The execution is a mixed bag. It’s got a great cast; apart from the perfomers I’ve already mentioned, it features Eli Wallach (The Good, the Bad and the Ugly) as a politely menacing loan shark, Jack Warden (12 Angry Men and like a million other things, you’d recognize him, trust me) as an aging boxer Harry tempts back into the ring, and even a certain TV talk show host who plays himself in a fun cameo role. (Amusingly, the original script reserved that cameo for Alan King, who was apparently deemed too good of an actor and/or not famous enough for such a small stunt appearance.)
And Winkler’s staging has a lot of energy to it, often employing dramatic push-ins that suggest he’d been studying Scorsese, several of whose movies Winkler produced.
But the film tries to walk a fine line between comedy and drama, a balance it has difficulty maintaining. It starts out by setting an exaggerated, slapstick-y satirical tone defined mainly by De Niro’s performance, which involves lots of broad, theatrical movement and the frequent flashing of a Rupert Pupkin-esque shit-eating grin.
Everything works well enough in that mode, but the more serious dramatic moments, as when Harry delivers his monologue about why making it in boxing means so much to him, kind of feel like they come out of nowhere, though I can’t tell if the awkwardness of those transitions is due to Winkler’s direction or if it was inherent to Price’s script. And there are some choices that just seem odd, like the soundtrack’s focus on ’50s and ’60s rock and R&B despite the fact that the movie takes place in the present day–though, even more unfortunately, songs like “Woolly Bully” and “The Great Pretender” actually come off sounding less dated than James Newton Howard’s synth-tinged original score. Plus, as the film’s New York Times review points out, the sound mixing often drowns out the snappy dialogue.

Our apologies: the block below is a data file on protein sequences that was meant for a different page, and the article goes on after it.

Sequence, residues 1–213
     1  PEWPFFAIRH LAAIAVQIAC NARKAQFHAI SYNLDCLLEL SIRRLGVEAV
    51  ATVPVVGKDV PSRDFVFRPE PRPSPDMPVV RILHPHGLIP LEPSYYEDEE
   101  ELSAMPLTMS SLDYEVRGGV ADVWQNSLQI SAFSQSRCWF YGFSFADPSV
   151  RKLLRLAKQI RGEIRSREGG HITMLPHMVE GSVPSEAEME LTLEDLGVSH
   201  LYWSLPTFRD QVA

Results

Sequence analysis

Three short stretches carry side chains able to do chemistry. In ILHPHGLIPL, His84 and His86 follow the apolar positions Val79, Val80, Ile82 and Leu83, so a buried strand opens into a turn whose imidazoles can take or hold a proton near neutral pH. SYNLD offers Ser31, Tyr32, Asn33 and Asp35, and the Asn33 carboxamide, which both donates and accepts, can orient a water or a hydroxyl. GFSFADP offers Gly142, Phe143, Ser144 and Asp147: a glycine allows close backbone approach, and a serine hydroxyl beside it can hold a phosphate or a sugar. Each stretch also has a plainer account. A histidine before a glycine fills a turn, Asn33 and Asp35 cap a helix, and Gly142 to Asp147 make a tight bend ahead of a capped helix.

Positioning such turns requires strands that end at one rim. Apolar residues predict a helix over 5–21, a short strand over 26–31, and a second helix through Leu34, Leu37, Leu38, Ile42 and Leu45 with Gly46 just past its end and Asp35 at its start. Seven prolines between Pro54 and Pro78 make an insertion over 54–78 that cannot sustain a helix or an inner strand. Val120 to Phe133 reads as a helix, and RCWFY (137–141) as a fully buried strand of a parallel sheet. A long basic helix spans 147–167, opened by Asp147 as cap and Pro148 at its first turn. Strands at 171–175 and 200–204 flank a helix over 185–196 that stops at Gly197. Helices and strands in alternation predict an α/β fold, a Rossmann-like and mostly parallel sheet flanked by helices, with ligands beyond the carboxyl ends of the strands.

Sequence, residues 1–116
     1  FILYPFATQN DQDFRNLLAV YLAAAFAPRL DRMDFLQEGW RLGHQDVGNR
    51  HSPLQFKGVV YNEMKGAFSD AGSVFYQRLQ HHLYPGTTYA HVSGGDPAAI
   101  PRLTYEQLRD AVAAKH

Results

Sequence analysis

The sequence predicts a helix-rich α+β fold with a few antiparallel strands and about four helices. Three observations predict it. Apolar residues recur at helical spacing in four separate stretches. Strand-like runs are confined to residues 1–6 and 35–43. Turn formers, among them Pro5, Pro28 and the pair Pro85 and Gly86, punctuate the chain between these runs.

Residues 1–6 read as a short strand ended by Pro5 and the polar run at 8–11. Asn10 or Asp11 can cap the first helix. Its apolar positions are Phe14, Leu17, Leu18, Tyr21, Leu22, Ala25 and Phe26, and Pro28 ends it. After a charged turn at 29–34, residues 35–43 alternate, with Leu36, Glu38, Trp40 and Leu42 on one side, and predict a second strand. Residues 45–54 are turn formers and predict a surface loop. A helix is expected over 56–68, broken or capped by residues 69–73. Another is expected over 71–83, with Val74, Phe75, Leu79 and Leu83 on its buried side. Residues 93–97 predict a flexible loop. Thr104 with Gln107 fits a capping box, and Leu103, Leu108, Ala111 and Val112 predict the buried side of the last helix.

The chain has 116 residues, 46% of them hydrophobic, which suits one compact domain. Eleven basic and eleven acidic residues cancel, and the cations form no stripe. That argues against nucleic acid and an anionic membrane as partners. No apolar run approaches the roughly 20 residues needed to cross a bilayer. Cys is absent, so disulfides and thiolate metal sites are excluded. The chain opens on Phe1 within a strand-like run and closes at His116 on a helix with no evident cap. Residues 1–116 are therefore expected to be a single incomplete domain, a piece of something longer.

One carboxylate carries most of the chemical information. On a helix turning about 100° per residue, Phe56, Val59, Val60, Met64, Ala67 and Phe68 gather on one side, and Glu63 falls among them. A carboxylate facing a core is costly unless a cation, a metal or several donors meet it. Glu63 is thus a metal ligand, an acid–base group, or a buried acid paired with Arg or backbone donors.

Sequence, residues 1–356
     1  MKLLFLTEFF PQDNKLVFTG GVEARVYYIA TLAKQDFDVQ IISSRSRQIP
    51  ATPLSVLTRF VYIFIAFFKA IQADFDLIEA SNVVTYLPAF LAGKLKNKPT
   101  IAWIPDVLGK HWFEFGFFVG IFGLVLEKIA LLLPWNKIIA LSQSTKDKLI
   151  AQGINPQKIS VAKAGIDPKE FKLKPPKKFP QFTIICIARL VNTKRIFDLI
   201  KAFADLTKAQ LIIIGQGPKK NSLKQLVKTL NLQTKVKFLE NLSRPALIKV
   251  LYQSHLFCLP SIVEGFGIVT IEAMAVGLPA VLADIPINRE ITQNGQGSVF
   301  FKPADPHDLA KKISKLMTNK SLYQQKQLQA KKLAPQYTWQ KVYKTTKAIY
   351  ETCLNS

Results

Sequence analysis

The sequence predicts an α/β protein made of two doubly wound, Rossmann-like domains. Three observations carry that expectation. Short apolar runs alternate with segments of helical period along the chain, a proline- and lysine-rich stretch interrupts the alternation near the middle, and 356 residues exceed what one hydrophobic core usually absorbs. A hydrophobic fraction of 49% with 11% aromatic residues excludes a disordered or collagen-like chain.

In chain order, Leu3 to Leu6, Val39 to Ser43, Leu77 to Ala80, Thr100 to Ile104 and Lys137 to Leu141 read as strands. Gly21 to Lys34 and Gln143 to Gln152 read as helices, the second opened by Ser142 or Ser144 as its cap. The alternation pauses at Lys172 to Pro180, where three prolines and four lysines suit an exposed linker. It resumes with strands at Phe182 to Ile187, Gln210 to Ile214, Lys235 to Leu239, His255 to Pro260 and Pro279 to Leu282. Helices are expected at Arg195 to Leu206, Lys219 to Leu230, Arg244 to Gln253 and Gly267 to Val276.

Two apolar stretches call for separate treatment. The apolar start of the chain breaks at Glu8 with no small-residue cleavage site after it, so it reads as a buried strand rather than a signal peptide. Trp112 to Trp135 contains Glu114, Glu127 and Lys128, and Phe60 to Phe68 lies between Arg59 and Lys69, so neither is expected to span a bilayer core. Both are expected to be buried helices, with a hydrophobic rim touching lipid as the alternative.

Again, though, there’s a lot to enjoy in this movie even if it doesn’t all quite hang together. And it was apparently successful enough that Price would continue to be hired to work on similar film noir remakes, like Kiss of Death and Ransom, throughout the ’90s.
A few other notes:
• Night and the City offers yet another Obligatory Richard Price Cameo! This time around Price plays a doctor tasked with examining Harry’s fighters before a match.
• I have to make note of one of the film’s most memorable isn’t-NYC-awful scenes, in which a nun who tries to panhandle at Phil’s bar gets called a “fuckin’ cunt” before being violently thrown out the door, only to tell Harry “Go fuck yourself!” when he offers to help her sue. There’s a quick line of dialogue implying she’s only pretending to be a nun, but it’s easy to miss and doesn’t come until after we’ve already seen the poor woman get shoved onto the sidewalk. Bonus: Watch closely and you can see her give Phil the finger from outside.
• Harry’s line “Guy goes like this, five people die in Oklahoma!” was also used by the character Sean Touhey in Clockers.
• Like “Arena Brains,” Night and the City includes a VCR reference (Harry’s shopkeeper friend tries to get him to sell a shipment of them for him) that unintentionally emphasizes the movie’s current VHS-only status.
Next week: De Niro returns to join Bill Murray and Uma Thurman in the cast of 1993’s Mad Dog and Glory.